Remember going to restaurants in the Before Times? I miss it, but this isn’t my first restaurant drought. Around the turn of the century, for a couple of years, we had to subsist on our own cooking and takeout.
It wasn’t plague that kept us from the joys of eating out back then. It was our toddler.
After our baby was born, my husband and I kept right on eating out as we had before. If the baby fussed, she was easy to soothe. I remember bragging to my mom about how good MY baby was in restaurants, not at all like those other inferior children marring their families’ (and everyone else’s) outings by shrieking and throwing things. MY baby was clearly a budding food critic and etiquette expert.
My mom gave me a knowing smile but said nothing. That’s the kind of parent she was, a believer in letting her children learn things for themselves.
And boy did I ever learn, an entire lesson delivered in one attempted meal around the time our kid turned two, plus a bonus lesson: they call it the “terrible twos” for good reason. I remember it like it was yesterday. We were at little Greek and Italian restaurant around the corner from where we lived at the time, a place where we were frequent customers.
The kiddo had outgrown the car seat / detachable carrier thing we had been carting her around in, and the waitress asked if we wanted a high chair. We did.
The high chair came with the tray shrink-wrapped to protect its sanitary surface, which contained a mini-pack of crayons, a coloring sheet and a handful of Captain’s Wafer crackers. What fun, I thought. It’s a prison, the toddler apparently surmised.
Perhaps unhappy with being buckled in, the kid seemed disgruntled though not alarmingly so. But just after we ordered dinner, Beelzebub took possession of our placid angel, and she started screaming and crying and hurling crayons and throwing her sippy cup.
We remonstrated. We retrieved thrown articles. We tried to amuse her. We offered crackers to mollify her.
She shrieked at a higher pitch and pounded the crackers to dust with her fists on the high-chair tray. She tore up the coloring paper and distributed the shreds and cracker crumbs on every surrounding surface.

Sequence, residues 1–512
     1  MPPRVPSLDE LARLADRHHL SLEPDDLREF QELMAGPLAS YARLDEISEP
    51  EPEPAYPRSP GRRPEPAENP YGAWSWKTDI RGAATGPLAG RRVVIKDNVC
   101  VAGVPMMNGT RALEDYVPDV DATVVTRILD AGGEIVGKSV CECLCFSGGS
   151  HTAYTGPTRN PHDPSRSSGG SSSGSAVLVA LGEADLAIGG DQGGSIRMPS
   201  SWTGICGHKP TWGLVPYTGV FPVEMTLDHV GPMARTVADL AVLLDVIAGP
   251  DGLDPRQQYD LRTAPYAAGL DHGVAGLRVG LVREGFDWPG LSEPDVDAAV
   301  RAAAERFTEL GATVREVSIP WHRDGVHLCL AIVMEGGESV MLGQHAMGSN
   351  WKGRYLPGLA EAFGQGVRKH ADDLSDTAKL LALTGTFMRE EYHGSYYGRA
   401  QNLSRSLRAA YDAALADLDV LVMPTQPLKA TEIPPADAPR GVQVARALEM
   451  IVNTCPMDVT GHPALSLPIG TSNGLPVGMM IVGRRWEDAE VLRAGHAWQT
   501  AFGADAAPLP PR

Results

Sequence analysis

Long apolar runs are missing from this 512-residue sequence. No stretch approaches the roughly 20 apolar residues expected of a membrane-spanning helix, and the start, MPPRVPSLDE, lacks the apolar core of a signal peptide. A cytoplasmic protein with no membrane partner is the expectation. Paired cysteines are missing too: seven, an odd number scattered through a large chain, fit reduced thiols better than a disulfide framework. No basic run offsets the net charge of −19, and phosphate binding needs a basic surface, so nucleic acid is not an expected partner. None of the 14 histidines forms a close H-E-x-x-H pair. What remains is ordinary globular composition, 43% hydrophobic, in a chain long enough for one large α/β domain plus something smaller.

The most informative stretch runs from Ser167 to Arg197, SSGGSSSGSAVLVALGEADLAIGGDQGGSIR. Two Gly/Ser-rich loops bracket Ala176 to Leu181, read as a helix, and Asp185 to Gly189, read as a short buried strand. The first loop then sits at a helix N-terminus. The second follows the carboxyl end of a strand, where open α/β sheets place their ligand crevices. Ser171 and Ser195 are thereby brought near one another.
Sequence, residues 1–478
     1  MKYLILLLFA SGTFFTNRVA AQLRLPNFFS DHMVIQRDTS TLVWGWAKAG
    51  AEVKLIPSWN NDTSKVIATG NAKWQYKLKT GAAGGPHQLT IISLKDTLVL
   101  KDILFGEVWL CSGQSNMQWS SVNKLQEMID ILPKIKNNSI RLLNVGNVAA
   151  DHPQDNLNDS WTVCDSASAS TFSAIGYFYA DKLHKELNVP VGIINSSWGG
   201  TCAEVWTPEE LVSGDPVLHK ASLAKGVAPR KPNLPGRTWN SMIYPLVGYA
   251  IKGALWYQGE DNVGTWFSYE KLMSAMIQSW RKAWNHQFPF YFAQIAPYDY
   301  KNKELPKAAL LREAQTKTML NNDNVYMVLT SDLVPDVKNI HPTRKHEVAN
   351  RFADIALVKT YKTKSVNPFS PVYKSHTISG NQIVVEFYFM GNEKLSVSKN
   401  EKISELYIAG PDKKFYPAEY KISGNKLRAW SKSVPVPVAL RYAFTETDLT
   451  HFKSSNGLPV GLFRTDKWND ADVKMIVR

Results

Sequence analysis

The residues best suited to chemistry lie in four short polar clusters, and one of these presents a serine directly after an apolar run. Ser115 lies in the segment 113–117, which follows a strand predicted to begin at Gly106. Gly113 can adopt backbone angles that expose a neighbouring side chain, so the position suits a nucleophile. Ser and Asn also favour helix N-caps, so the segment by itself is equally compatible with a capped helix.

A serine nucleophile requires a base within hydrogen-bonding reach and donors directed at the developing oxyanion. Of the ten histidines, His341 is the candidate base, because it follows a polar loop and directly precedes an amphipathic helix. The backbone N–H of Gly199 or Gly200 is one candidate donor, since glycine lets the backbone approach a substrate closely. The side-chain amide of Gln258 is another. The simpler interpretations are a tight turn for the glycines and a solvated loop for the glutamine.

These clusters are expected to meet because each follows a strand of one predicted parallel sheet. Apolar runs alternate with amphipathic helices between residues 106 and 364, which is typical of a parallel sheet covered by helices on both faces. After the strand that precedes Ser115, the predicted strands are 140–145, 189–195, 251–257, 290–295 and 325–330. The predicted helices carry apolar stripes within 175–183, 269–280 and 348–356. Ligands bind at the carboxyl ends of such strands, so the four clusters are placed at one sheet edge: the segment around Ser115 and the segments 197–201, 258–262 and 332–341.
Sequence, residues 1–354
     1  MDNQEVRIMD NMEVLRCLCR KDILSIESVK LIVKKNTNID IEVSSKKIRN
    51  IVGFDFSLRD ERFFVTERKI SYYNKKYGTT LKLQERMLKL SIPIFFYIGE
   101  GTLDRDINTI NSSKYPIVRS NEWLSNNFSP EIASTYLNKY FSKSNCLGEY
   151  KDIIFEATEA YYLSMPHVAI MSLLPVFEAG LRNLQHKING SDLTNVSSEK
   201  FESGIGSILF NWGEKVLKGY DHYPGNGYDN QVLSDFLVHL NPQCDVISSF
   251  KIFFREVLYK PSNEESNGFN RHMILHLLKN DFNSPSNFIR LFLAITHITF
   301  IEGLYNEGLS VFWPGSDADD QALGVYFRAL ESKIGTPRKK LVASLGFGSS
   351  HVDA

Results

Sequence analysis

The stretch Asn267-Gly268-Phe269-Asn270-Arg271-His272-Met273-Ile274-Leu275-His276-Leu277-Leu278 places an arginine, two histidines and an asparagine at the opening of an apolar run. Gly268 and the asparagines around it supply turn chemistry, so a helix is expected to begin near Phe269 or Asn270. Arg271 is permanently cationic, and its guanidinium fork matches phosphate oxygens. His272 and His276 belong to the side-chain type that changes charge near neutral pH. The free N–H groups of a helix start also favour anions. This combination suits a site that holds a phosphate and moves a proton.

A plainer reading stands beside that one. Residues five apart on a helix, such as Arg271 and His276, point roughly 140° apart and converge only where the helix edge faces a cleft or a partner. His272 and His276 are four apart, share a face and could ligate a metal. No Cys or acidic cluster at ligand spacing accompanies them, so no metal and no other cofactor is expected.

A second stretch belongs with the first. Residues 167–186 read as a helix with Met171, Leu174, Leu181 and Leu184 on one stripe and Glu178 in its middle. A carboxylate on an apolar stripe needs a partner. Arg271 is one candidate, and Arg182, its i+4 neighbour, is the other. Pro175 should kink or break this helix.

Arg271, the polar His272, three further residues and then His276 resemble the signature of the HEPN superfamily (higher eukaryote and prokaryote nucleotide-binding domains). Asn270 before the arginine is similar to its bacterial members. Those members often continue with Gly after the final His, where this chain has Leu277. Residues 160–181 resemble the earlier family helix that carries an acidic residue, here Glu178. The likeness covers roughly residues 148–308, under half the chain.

Under the withering glare of every other patron in the restaurant, we asked our waitress if we could please have our order to go, paid the bill and left a 200% tip to cover the destruction. It was a nightmare.
This is a weird segue, but I swear I was not surprised, when reading this Vanity Fair piece, to learn that when Donald Trump’s low-quality nepotism hire Jared Kushner presided over the meetings in which he fucked up the coronavirus response, he sat “in a chair taller than all the others.” I expect monstrous behavior from people in high chairs. Kushner delivered:
Kushner, seated at the head of the conference table, in a chair taller than all the others, was quick to strike a confrontational tone. “The federal government is not going to lead this response,” he announced. “It’s up to the states to figure out what they want to do.”
One attendee explained to Kushner that due to the finite supply of PPE, Americans were bidding against each other and driving prices up. To solve that, businesses eager to help were looking to the federal government for leadership and direction.
“Free markets will solve this,” Kushner said dismissively. “That is not the role of government.”
The same attendee explained that although he believed in open markets, he feared that the system was breaking. As evidence, he pointed to a CNN report about New York governor Andrew Cuomo and his desperate call for supplies.
“That’s the CNN bullshit,” Kushner snapped. “They lie.”
According to another attendee, Kushner then began to rail against the governor: “Cuomo didn’t pound the phones hard enough to get PPE for his state…. His people are going to suffer and that’s their problem.”
“That’s when I was like, We’re screwed,” the shocked attendee told Vanity Fair.
It’s a horrifying article, replete with tales of greed, incompetence and douchebro arrogance. Dudes gotta go. Open thread.